tiny bit of information.
|Johan (John) Huber & Bertha Barbara Trumpi
2 March 1905
I decided to focus upon John Huber and Bertha Trumpi. They arrived in the States separately, both
in 1903. They settled in the Swiss Colonies of Wisconsin, were married, had a child, my wife’s
grandmother, while there. They moved to Alabama before 1910, had another child
there, then moved to Michigan before 1920.
I had neither of their parent’s names, although because of some
photographs, I was pretty sure that John’s father was Jakob and possible names for his mother (Frieda & Kath). I knew absolutely nothing on Bertha’s parents.
County, Wisconsin. From that I knew that married between 1903 and 1905. I searched and
searched and just couldn’t find them. I noticed a Johana marrying during the
time, but discounted that.
where the old surname boards on various systems were mentioned. The webinar reminded
me to be sure to use surname boards as a resource. So, feeling frustrated about my not being
able to find John and Bertha’s marriage
information , I posted a query to the (free) Ancestry Board – Dane County, Wisconsin. It was the first time I
had posted to a board in over a decade. I
I’m looking for
information regarding the marriage of John Huber and Bertha Trumpi (Trumpy,
Trumphi). Bertha arrived in the US about 1903. She and John were married before
1 June 1905 most likely in Green or Dane County. They lived in Primrose, Dane
County in the 1905 Wisconsin Census.
Marriage Records.Groom – Johana Huber born Windlack SwitzerlandHis father Jacob HuberHis mother Kath StuckingerMarried 2 March 1905 in New Glarus, Green Co.,
Wisconsin toBertha TrumpeFather Bernard TrumpeMother Bertha Koch
This would more than likely have taken place in
the Swiss Church in New Glarus…
the date I easily found the entries on Family Search. (I don’t know why my searches for Trumpi,
Trumpy didn’t find her before. ) I thought
about ordering a copy of the certificate from Wisconsin. They want $20.00 and
will send you a copy of the certificate if
they find it. (I’ve had bad
experiences with doing that in other states and didn’t want to go down that
path.) I saw Family Search has the
microfilm available so I decided to order that media. I’ve never ordered microfilm to look at at a
Family Heritage Center, so I thought I’d give that a try. The film is still in processing, but I did find three other marriage records on the same film that I’m interested in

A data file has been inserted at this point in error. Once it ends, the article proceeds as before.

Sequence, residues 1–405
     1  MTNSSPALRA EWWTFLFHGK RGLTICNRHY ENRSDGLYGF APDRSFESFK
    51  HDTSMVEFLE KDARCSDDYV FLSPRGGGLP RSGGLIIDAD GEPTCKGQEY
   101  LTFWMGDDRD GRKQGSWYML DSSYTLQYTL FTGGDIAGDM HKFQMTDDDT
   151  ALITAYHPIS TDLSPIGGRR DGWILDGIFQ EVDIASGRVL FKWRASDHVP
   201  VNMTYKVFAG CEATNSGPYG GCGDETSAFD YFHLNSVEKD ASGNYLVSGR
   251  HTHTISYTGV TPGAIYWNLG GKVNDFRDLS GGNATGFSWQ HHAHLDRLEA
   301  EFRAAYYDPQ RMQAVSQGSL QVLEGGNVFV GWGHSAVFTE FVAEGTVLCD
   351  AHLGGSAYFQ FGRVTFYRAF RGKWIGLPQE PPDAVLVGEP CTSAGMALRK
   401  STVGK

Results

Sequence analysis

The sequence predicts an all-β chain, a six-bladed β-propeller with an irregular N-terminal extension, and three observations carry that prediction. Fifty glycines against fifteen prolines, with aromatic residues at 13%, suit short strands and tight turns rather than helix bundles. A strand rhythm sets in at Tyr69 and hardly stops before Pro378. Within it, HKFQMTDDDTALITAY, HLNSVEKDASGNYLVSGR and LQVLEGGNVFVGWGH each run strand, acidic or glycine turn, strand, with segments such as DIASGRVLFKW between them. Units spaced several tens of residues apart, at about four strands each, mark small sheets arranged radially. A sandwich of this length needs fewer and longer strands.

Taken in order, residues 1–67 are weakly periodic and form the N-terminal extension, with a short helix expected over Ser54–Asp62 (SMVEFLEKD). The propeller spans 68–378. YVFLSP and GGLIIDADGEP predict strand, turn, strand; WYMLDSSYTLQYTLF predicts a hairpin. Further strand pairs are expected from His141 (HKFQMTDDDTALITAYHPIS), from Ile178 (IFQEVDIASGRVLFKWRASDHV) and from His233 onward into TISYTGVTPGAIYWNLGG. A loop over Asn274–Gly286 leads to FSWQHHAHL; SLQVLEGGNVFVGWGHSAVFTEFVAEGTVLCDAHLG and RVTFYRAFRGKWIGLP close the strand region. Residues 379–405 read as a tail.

seeing as well. (All Trumpi’s in New
Glarus, Wisconsin.) So, I’m looking forward to seeing the microfilm.
had solidified John/Johann’s parents names, which was really great because I
had a family photo that contained them.
I just wasn’t certain until I found this index if they were
parents, Uncle and aunt or what; now I’m sure. The record also included Bertha’s parents
names. It moves my Darling/Huber tree, Generation 4, from 50% to 100%. I still have
to fill in a lot of blanks, but I at least have names, places and places to
containing a “Bertha/Retha Trumpe” who came to the States in 1905 and
eventually moved to California. Family
oral history indicated that Bertha’s mother came to the states and went out to
California. I looked a little closer at
those entries and found that Retha came over from Glarus, Switzerland to see a
daughter, Bertha Trumpe, in New Glarus, Wisconsin. I looked carefully at the 1900 and the 1910
census records and didn’t find anyone else named Bertha Trumpe near New Glarus so I’m sure it is the right parent.
She was so pregnant that on the second day of the trip, she gave birth to a
boy. Of course, that give rise to the
question of why she would leave Switzerland when that pregnant. What happened
in Switzerland that still needs answers. It was a descendent of the baby boy born on the cruise that had the tree, missing Bertha that tuned me into the family thing.
a Kaspar Hefti in 1914
So there are many family relationships untangle. It will
definitely keep me busy for a while.
I’ll start what I call a deep dive for Trumpi’s in the New Glarus area
1880 to 1920 and see what I find. It is
always exciting to find new cousins.
surname board can make a huge difference.